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ASX Investor Update
May 2014


The four big Australian banks

Robert's article on the Big Australian Banks (publication refused)

See the May 2014 edition of the Investor Update newsletter here... 

The May 2014 ASX Investor Update newsletter

Robert was invited to write another submission for the May 2014 edition of the ASX Investor Update newsletter featuring an article on the big four banks. However, the submitted article was pulled at the last minute, apparently as it included some material that the ASX could not agree to (regarding dividend stripping). We can't understand that; but the full article is submitted below. So, you be the judge. The material was researched and written, and the price charts prepared, so let's not waste it - it's here for you to see. (The price charts were captured on 24 April 2014).

The big banks

Reporting season, bank dividends and yield — watch out for the minefield. In this article we cover some very important issues around investing in the banks, and the dividend stripping strategy — to help protect capital and lock in profits.

Twice yearly reporting season

Share prices can move sharply during the reporting season, so it is useful to be aware of the details. Companies are required to lodge financial reports with the corporate regulator (ASIC) within certain time periods, and publicly listed companies must also lodge reports to the Australian Securities Exchange (ASX) within time limits. Most of the publicly listed companies on the Australian stock market have their six-monthly financial reporting period ending on 31 December and 30 June (their so-called balance dates), and according to the listing requirements for the Australian market, these companies must also announce their half-year results within two months — by the end of February and August respectively.

However, a number of our listed companies, including our major banks, have a different financial reporting date, and hence the deadline for both the results reporting and dividends is different. [To find these key dates, simply Google the term financial calendar and include the relevant stock code.] For the record, the following dates apply to the current reporting season.




12 Feb 2014

17 Feb 2014


1 May 2014

9 May 2014


5 May 2014

14 May 2014


8 May 2014

14 May 2014

Table — Banks results and ex-dividend dates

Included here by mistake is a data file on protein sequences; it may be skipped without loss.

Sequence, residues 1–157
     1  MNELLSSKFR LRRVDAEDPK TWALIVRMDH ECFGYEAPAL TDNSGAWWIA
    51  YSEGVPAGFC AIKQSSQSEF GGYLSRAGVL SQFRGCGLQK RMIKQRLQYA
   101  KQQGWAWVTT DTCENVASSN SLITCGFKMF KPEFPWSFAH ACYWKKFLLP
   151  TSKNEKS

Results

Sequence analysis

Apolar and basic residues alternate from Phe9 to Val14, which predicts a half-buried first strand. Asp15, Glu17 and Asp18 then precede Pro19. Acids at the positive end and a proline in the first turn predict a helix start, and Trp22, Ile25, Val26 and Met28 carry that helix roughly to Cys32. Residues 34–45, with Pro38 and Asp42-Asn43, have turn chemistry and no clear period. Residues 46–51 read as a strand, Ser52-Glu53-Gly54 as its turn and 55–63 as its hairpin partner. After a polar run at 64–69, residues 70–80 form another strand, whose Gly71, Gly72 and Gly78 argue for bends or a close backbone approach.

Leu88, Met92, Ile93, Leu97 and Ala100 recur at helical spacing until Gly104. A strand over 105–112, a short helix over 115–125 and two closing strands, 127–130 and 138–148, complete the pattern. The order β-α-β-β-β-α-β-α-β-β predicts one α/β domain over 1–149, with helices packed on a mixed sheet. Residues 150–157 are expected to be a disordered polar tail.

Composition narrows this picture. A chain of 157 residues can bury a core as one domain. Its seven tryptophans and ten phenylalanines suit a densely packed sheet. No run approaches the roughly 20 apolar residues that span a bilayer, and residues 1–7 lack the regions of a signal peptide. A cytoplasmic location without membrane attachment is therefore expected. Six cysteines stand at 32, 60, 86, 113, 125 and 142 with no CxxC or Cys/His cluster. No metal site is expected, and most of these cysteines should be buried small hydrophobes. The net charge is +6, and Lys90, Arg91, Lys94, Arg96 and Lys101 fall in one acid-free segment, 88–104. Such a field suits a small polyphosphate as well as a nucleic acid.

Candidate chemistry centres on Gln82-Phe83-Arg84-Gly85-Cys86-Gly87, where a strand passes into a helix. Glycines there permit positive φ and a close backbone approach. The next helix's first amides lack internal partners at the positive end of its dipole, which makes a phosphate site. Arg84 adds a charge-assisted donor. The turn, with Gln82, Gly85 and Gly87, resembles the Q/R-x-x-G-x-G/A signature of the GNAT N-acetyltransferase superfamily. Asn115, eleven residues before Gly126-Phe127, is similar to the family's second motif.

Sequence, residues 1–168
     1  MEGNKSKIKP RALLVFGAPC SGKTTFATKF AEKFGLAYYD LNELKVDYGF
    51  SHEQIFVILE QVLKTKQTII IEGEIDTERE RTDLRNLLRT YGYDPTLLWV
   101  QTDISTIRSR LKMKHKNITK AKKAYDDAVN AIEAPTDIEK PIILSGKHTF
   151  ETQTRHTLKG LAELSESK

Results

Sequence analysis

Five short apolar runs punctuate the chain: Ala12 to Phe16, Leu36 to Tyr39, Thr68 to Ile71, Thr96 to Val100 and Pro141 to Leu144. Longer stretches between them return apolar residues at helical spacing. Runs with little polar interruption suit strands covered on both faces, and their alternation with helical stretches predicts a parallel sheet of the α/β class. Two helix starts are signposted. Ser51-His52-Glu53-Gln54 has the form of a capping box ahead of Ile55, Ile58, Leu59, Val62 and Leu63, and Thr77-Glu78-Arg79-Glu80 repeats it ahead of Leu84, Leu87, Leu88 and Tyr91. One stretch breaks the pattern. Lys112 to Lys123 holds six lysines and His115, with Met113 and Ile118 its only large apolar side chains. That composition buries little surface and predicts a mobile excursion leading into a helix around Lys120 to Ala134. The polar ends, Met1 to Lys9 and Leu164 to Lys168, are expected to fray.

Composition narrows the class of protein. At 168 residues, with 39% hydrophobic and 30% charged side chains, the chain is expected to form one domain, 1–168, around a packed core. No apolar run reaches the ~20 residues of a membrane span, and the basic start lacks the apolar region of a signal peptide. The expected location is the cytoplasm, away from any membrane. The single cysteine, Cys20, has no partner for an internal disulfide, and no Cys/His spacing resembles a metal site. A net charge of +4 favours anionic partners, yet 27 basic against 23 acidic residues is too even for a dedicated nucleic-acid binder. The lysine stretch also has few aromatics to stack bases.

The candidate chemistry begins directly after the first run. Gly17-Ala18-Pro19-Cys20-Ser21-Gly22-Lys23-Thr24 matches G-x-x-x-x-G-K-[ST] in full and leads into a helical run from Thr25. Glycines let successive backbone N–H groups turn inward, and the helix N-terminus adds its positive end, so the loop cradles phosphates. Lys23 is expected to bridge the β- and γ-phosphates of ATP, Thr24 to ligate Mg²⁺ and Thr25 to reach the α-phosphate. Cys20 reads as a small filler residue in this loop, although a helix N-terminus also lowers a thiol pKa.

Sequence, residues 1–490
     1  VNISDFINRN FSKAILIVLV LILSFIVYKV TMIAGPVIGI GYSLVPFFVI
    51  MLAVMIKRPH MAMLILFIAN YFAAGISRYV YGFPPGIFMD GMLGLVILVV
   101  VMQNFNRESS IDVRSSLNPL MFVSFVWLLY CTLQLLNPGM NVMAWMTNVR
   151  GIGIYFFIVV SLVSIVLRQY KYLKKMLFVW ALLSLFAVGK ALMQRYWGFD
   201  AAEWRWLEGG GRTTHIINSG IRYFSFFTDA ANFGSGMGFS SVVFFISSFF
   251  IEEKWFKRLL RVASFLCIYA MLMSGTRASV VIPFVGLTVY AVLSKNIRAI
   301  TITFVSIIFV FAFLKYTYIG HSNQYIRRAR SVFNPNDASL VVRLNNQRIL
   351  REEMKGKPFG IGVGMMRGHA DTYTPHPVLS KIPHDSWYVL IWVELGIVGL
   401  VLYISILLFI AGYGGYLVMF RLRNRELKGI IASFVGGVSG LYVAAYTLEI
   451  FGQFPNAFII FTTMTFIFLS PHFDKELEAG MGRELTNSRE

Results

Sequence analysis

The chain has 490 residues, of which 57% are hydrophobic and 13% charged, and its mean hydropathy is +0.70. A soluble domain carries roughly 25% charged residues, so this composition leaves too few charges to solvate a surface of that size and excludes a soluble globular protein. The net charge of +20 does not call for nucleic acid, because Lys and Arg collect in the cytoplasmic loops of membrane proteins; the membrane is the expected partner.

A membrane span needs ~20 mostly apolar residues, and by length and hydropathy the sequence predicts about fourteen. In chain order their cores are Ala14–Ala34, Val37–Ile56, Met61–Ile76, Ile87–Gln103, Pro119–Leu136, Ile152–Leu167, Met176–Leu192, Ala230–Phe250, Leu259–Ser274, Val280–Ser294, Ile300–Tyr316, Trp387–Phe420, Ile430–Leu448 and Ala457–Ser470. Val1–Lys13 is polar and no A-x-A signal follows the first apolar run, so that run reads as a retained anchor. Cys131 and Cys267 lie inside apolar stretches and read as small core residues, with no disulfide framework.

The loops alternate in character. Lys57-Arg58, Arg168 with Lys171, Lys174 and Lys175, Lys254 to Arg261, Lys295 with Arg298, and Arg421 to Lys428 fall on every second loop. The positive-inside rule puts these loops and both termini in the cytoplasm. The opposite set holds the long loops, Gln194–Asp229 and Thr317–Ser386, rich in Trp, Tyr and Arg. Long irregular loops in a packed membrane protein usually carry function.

(Source: individual banks' web sites)

Dividend stripping - is it worth it? does it work?

A number of variations of the popular dividend stripping strategy are in widespread use; but there are some critical tips that can really help investors (without recommending that investors follow such a strategy).

Firstly, many investors blindly follow the standard suggestions regarding the 45-day rule, in order to qualify for franking credits. But it is important to do the sums on historic share prices and dividend details to confirm that this approach is financially sound in today's market. It is possible that holding the shares for a shorter period might result in much better short term capital growth, even at the expense of losing the franking credits. [So, ignoring the dividend stripping strategy might be the best way to go, and simply strive to maximise capital growth.]

Also, we should be wary of any advice that suggests that if our stock suffers a capital loss, it can be written off against a capital gain. Whilst this may be true, is it really the most profitable approach? After all, whose money is it?

Many investors blindly assume that a stock's share price will fall on the ex-dividend date by about the amount of the dividend. In practise this might happen, and it might not. Many stocks show a gap lower at the open on the ex-dividend date — which can be easily seen on a candlestick chart, but not on the more common line chart. And some stocks experience selling in the days before the ex-dividend date, so as to beat the crowd and lock in better profits.

Watch the capital — it is yours!

Since late 2009, the Australian share market has been a different animal compared to the previous few years. The market saw a fantastic bull run from 2003 to late 2007, with the GFC crash following in 2008 until the market lows of March 2009, followed by a strong rally until late 2009. Since then, however, the market has moved in wide sideways ranges, and during this time the old conventional investing rules have been severely tested. Including the age-old “buy and hold” paradigm, and the rules for investing in the big banks. (Remember that blue chip stocks can disappoint.)